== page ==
As well as the wetland and reed beds, we have quite a range of woodland habitats to look after at Teifi Marshes Reserve.
To the south of the Reserve, heading along the river towards Cilgerran, is an area of ancient oak woodland, which clings to the steep slopes of the Teifi gorge. While sessile oak dominates, lime, ash, wych elm, hazel, elder and holly are also to be found here. In autumn the yellow and red leaves of the wild service tree can be seen.
In former times large numbers of trees were felled to service the ship building industry in Cardigan. Felling and extracting wood on the treacherously steep gorge slopes must have been daunting and draining work for the foresters. Now the woodlands are managed to maintain the balance of native tree species, encouraging a natural canopy of trees of differing ages through natural regeneration. Nearly 200 species of lichen have been recorded in these woods. They thrive in the clean air and moisture of this wildest and quietest part of the Reserve.
Closer to the Wildlife Centre, along the Explorer and Woodland Trails, are areas of mixed oak and hazel woodland. This dense deciduous woodland is potentially ideal habitat for the elusive dormouse. The animal’s name is derived from the French verb “dormir” or “to sleep”, and it is so named for its habit of hibernating for as much as 7 months of the year. Coppiced hazel woodland is a preferred habitat for this drowsy mouse, in which it builds thick spherical nests from grass and honeysuckle bark.
Coppicing is a traditional woodland management technique (which we continue to utilise here) involving repetitive felling on the same stump, at close to ground level. This allows new fresh growth to develop from the stump (known as the coppice stool). So coppiced woodland will have multiple stems growing from low level stools. Coppiced hazel produces particularly thick growths of straight stems, which together form a perfect basket for the dormouse, plus birds and other mammals, to build their nests.
While coppicing appears an extremely invasive procedure, trees which are cut regularly in this way tend to live longer. Trees will naturally “re-trench”, through shedding un-necessary branches, and coppicing acts as a major retrenchment, resetting the aging process and extending the life of the tree. Well managed coppiced woodland will feature varied canopy layers, an understorey, and wide light pathways and glades, which allow woodland floor dwelling plants and flowers to thrive. This all contributes to a high level of biodiversity.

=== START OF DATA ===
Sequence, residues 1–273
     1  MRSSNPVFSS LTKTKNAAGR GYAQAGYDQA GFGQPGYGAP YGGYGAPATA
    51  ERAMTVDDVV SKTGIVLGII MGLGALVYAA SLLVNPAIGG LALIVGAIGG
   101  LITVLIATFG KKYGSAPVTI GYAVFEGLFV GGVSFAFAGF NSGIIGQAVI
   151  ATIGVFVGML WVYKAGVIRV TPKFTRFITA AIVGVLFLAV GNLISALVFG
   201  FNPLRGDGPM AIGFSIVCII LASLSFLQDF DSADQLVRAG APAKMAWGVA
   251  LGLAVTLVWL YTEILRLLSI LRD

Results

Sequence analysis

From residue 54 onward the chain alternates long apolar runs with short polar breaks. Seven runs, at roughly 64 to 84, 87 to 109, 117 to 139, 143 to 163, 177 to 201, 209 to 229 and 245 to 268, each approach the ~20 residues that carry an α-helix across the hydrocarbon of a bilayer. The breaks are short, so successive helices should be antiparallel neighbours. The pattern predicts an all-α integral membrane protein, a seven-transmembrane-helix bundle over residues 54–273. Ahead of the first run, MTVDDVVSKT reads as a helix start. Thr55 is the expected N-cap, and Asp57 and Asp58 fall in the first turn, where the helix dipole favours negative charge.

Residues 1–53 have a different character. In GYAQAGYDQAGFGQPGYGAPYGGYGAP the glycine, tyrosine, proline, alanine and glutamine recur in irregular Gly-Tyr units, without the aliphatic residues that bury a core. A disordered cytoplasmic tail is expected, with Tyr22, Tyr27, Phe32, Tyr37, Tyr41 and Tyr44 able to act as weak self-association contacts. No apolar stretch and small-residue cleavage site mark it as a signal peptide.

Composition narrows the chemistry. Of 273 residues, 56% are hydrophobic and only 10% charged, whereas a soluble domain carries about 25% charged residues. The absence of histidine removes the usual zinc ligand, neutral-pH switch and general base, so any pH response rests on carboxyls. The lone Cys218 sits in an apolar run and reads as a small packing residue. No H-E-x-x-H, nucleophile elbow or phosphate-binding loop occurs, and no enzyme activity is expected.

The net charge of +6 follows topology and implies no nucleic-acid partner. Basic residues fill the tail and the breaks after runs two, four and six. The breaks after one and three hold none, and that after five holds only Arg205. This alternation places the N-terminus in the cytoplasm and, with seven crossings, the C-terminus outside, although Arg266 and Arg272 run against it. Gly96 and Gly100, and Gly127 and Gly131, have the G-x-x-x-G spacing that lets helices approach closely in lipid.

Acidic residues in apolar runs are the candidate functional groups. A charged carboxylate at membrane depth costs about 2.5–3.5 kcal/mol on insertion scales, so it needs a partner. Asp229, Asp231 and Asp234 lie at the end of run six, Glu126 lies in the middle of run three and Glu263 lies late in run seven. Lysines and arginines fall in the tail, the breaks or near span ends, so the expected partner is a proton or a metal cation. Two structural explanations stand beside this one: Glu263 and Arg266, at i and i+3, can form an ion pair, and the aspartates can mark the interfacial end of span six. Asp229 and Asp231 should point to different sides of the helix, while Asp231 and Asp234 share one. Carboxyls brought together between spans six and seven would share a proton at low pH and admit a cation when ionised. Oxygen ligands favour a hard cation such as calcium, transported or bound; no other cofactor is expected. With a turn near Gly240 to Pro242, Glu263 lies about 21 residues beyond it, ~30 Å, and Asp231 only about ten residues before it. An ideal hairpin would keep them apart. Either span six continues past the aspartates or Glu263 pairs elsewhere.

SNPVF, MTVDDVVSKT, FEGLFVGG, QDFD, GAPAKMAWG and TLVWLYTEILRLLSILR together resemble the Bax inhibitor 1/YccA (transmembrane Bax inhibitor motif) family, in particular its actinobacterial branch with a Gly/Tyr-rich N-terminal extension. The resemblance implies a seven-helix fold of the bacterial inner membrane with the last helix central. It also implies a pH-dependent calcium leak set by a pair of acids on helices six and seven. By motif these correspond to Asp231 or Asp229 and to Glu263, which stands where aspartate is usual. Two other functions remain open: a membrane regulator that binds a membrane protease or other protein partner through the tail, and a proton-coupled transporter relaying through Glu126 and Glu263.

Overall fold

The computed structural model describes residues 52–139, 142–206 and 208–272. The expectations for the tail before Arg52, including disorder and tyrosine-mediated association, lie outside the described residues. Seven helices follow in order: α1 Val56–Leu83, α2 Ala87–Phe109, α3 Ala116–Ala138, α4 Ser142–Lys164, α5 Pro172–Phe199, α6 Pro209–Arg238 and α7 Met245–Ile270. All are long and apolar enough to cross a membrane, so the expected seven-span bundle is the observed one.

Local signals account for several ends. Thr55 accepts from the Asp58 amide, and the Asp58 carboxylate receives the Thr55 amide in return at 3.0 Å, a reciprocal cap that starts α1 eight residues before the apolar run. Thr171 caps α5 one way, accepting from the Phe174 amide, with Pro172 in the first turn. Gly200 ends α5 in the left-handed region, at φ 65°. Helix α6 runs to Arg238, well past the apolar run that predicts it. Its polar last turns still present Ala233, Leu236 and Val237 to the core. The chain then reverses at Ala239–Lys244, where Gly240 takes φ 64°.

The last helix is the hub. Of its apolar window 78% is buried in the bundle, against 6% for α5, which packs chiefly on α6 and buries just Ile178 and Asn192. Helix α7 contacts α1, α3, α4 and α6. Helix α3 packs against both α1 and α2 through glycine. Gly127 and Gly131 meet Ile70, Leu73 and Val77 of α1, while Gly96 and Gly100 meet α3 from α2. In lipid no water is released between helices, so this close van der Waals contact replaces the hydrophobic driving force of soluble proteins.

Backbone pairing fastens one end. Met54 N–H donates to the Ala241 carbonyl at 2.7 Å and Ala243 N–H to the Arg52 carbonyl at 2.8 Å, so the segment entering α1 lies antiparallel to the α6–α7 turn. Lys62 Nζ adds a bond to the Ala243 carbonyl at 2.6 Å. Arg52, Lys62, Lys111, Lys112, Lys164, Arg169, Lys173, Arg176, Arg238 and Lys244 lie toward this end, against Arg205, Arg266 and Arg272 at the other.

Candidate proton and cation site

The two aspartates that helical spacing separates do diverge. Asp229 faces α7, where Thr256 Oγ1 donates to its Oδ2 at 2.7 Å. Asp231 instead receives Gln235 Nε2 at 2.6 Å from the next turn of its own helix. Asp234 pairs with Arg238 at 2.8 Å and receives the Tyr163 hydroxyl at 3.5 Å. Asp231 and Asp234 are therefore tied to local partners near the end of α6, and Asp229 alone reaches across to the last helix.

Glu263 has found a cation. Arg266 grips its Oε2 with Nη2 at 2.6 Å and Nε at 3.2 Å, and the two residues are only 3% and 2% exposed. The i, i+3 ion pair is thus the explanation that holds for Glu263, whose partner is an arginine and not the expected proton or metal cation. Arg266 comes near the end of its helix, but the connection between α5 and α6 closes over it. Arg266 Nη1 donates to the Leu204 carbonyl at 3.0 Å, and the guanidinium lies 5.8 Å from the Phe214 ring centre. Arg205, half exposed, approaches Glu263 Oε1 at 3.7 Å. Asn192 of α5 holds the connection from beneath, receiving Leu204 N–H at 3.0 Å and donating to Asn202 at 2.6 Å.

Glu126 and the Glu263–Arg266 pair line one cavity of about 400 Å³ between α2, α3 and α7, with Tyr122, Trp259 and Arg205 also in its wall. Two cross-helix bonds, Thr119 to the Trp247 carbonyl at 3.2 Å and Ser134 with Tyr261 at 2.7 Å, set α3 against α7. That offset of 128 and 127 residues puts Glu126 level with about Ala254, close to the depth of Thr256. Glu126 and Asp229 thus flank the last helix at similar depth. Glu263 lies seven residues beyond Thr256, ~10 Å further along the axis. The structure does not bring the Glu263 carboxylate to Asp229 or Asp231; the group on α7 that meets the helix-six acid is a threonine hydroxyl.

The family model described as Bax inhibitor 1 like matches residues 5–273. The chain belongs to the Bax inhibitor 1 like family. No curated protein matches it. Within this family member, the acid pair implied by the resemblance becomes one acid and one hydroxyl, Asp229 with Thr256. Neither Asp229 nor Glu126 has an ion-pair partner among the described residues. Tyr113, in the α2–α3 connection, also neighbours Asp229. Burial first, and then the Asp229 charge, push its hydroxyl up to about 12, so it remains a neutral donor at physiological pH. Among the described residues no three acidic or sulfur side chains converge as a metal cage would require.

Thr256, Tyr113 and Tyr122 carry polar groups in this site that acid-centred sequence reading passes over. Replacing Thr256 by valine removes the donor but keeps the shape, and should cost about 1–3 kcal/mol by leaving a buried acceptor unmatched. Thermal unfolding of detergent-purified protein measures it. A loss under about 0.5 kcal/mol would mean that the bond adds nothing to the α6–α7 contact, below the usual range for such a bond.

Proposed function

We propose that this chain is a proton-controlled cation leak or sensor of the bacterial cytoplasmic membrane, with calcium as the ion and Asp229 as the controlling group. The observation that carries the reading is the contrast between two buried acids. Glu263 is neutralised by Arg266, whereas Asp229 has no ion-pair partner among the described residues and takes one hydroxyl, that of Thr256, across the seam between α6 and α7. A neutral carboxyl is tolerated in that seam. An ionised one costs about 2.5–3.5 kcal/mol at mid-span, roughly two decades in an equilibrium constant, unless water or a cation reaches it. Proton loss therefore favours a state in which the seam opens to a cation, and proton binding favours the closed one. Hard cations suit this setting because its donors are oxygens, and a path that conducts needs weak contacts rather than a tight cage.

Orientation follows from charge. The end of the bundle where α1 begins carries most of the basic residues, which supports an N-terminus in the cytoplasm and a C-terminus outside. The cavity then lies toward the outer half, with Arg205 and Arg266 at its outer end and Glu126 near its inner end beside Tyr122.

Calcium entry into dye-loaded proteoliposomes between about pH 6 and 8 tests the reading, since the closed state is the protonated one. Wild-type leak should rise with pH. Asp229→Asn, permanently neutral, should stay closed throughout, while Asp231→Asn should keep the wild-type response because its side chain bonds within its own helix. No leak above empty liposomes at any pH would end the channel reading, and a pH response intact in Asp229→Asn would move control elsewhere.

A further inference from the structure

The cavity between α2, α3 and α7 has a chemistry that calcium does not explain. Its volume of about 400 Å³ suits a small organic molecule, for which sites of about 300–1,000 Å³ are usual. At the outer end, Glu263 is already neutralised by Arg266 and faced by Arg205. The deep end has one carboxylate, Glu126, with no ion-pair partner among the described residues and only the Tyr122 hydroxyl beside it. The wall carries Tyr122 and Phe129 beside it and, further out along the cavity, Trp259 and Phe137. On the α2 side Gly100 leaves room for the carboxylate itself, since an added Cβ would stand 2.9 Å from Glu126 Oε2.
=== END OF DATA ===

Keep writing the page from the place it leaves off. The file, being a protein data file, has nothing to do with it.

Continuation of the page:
This ancient woodland management technique has traditionally been used to provide reliable supplies of timber for many uses. These include fence posts (sweet chestnut), tool handles (ash), hurdles, canes, bean and pea sticks (hazel), timber for building (oak), and furniture (a range of trees, notably beech). Firewood for industrial and domestic use was also obtained from coppiced woods.
The woodsmen working the coppice provided local sustainable timber and increased biodiversity. Also highly skilled local jobs in the traditional green wood crafts, outlets for creativity. Sadly the use of plastics and cheap mass production means that the vast majority of coppiced woodlands have become unviable. There is limited market for quality wood products. Hence the coppicing cycle has ceased, and woods have become neglected and overgrown.
It remains for conservation charities and enlightened ecological businesses to continue the processes of traditional woodland management, at least across a small proportion of our country’s woodland estate. Everyone can help by using beautiful locally produced unique wood products wherever possible. If more of us were to do so, providing a viable market for woodsmen and their businesses, we would certainly see an increase in the areas of woodland under sustainable management, to the benefit of the environment, wildlife and us all.
Coppicing, and other woodland management tasks such as thinning, removing dangerous trees and creating open areas and wide paths (known as glades and rides) takes place in the winter months. This is to avoid the bird nesting season. The work is noisy (using chainsaws and chippers) and can be hard. The weather is typically cold, or wet, or both, and the days dark, gloomy and short. However the satisfaction to be gained from continuing ancient woodland management makes winter the most enjoyable part of the year to be involved in reserve management.